1862-3: Joseph C. Arnold to Sarah (Arnold) Rush

These letters were written by Joseph C. Arnold who enlisted at age 22 on 6 August 1862 in Co. E, 96th Ohio Volunteer Infantry (OVI) for three years. He was promoted to corporal on 4 February 1863. He was wounded in July 1863 in action near Jackson, Mississippi. He was transferred to Co. C. Battalion (VRC) in November 1864. He mustered out of the service on 7 July 1865 at Mobile, Alabama.

Joseph wrote all three letters to his sister, Sarah (Arnold) Rush (1838-1898), the wife of Elijah Rush (1838-1923) of Claridon, Marion county, Ohio. Elijah and Sarah were married in March 1858.


Memphis, Tennessee
December 5, 1862

Dear Brother and Sister,

I received your letter that you wrote the 1st of October. That gave me great pleasure to hear from you. We marched from Nicholasville to Louisville and then we took the boat and we were on it 7 days. We have been here about a week. We have marching orders in three days but I don’t think we will leave here for some time. This is a very pretty place here. The boys is all well but James Brattan and Isaac [N.] Mouser. They have got bad colds. I have been well ever since I have been here. I would like to get back against spring. Then if I can save money enough, I will go in with you to get [     ]. That would suit me very well.

We hain’t had any cold weather yet. It snowed last night but it is very warm now. We have built fire places in our tents and we can live very well. This is good land here and a very pretty country but I don’t like it quite as well as I do there in Ohio. I would like to be there. I would have a big time there but I can’t be there. But I don’t think it will be long till I get back. Then I will spread myself thin and I want you to speak a good word for me to some of them while I am gone. I would like to see you again. We don’t get much news here for we don’t get the papers. When you write, write all the particulars and what is a going on.

Well I must close for this time but still remain your friend. Write soon. Direct to Memphis, Tennessee. See  Co. E, 96th OVI in care of Capt. [Samuel] Coulter

From Joseph C. Arnold

to Elijah Rush and family and all, both great and small.

Write soon as you can.


Camp near Vicksburg [Mississippi]
March the 1st 1862 [1863]

Dear Sister,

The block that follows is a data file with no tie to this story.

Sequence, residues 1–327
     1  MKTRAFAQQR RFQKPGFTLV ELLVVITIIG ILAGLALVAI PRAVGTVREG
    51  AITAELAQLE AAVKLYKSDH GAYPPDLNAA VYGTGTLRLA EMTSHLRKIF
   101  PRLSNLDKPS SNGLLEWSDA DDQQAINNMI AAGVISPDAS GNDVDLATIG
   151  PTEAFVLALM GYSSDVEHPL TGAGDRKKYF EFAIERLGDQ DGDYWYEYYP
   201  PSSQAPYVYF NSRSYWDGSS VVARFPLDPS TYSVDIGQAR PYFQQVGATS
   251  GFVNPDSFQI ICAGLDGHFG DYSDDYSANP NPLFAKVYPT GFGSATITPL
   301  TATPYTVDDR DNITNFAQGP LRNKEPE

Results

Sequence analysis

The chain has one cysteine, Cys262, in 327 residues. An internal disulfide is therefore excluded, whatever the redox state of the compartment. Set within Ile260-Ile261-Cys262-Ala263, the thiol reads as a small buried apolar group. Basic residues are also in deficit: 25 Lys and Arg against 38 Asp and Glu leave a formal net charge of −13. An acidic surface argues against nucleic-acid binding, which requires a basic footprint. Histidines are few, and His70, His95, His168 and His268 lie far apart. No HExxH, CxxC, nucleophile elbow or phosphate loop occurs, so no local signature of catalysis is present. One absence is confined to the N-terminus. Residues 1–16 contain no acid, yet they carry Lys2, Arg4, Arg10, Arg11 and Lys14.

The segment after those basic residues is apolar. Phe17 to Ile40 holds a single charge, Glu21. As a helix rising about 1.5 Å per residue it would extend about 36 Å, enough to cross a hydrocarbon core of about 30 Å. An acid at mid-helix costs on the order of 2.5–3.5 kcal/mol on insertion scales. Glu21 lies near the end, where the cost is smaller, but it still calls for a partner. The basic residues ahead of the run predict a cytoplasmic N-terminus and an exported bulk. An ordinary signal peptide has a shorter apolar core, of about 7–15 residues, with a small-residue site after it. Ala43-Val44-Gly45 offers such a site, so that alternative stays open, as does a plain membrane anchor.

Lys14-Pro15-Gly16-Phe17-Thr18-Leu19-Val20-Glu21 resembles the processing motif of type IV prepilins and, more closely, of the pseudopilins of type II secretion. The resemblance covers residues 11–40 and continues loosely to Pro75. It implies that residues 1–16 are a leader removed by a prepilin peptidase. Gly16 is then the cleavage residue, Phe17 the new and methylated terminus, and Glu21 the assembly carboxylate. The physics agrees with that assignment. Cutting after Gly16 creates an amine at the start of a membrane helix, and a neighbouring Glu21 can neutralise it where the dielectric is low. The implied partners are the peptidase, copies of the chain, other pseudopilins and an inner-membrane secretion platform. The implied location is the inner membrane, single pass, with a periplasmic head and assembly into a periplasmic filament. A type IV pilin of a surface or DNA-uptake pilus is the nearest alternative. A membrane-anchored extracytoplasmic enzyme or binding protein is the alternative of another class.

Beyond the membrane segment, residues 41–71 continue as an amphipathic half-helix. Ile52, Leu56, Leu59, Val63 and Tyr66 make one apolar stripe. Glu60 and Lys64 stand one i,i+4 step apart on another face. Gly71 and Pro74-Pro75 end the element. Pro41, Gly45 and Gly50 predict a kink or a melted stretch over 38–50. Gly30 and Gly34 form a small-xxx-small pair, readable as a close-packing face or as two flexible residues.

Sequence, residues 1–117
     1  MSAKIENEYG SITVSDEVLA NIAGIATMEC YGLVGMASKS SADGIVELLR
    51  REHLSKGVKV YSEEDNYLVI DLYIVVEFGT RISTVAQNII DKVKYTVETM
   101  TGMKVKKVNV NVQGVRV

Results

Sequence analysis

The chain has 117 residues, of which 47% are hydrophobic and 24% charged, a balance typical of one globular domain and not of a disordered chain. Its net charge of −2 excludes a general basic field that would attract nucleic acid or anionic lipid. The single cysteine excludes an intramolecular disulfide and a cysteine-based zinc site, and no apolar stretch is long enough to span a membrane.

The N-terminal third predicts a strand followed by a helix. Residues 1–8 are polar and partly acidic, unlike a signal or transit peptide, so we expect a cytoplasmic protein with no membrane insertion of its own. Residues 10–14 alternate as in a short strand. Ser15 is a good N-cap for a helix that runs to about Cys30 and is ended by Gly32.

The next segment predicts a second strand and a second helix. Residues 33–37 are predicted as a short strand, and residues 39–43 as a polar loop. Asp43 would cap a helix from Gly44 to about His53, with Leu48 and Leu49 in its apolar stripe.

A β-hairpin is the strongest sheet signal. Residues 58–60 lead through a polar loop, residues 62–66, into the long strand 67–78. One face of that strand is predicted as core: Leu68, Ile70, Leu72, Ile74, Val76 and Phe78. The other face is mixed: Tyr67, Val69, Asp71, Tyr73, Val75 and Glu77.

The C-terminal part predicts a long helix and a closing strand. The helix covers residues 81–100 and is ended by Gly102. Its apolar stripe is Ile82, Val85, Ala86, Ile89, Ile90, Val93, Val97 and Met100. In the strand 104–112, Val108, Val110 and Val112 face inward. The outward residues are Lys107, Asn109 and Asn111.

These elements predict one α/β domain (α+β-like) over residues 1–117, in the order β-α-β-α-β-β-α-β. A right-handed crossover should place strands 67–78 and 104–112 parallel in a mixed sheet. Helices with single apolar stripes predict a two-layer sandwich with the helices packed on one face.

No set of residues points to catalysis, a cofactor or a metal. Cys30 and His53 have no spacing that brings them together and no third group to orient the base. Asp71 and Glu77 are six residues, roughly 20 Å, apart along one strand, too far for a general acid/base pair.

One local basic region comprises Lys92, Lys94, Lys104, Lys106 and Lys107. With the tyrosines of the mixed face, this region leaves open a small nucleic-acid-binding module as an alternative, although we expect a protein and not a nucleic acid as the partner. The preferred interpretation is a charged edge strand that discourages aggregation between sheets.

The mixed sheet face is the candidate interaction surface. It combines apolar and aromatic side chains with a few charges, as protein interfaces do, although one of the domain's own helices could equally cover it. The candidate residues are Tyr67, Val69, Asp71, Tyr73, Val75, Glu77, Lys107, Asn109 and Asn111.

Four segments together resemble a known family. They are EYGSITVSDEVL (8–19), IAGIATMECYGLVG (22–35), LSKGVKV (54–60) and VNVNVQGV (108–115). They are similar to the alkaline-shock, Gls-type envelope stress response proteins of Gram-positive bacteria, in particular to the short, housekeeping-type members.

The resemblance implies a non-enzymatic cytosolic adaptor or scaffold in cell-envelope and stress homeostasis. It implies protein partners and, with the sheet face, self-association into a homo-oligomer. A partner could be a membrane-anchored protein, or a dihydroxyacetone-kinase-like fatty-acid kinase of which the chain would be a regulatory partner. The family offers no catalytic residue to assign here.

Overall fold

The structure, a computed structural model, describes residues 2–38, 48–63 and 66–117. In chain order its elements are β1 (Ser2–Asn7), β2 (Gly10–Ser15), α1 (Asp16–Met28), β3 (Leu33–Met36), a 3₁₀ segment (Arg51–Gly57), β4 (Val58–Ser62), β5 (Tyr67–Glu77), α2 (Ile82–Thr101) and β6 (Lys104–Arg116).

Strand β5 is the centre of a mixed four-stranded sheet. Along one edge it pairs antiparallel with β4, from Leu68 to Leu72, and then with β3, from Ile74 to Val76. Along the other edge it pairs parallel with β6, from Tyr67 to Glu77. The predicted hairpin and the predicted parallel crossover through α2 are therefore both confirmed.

I just got your letter—the first that I have had for a long time. I am well but there is a good many sick and lots [that have] died. There has 9 died in our company and 1 was killed in battle. I have had my health very well and have not been excused from duty. We was out o an island for 14 days. Then we lived fat but when we are in camp, we have fat pork and hard crackers and tough beef that has been dried on on foot and the lice is so thick that when you lay down the next morning, you don’t know where you will be.

There is a large lot of men here but I don’t know whether they will fight or not. They will have to do something before the weather gets so warm that we can’t stand it for it is [so] very warm now that we can’t hardly stand it. But I don’t think we will stay here long. The first place that I get where I can get that likeness taken, I will, and then send it to you, But you need not send any money for we will be paid off.

Well I must close for this time. Direct to Memphis, Tennessee. Co. E, 96th O. Reg.

From Joseph C. Arnold to Sarah Rush and family. Write soon.


April the 2, 1863

Dear [Brother] and Sister,

I received your letter and was glad to hear from you. We are in tolerable good health. There has a good many of our boys has died but I have been spared. I have not been sick yet.

We have moved up the river 18 miles and there is talk that we will go to Kentucky again. That is just what would suit us. Then they will fill up the regiment with contrabands. They will have to try the hot country but that is not half so bad as it is. We could not stand it here. The boys is well and in good heart. They think that they will get home in furlough but if they take us up the river, I will be very well satisfied as long as I am well.

The weather is getting warm and when it does get hot, it is hot for certain, they say. I suppose that the men there is in trouble but they need not for this is not hard work. But they can’t get home just when they want to come. There is lots that have died just because they could not get home and three is some more that will go in the same way. But if Abe Law goes to war, he must think that he will go through my things. This is hard work but we have got into it and we must fight it through with it.

We have plenty to eat and to wear and nothing to do. We have good grub now and don’t have to drill but once a day and then not long at a time. I think that will play out after awhile. Then we won’t drill. I wish that this fuss in the North was settled. Then I think the war would close. But as long as the North is split, this war will last. They had better make peace at home, then go South to fight. But as long as they can’t have peace, they need not come here to make peace. Peace at home, then we will have peace.

Well, I must close for this time but still remain your brother until death. From Joseph C. Arnold

To Sarah and Elijah Rush

Direct to Memphis, Tennessee, Co. E, 96th OVI, in care of Capt. Coulter

Write soon and don’t forget I like to hear from you all.

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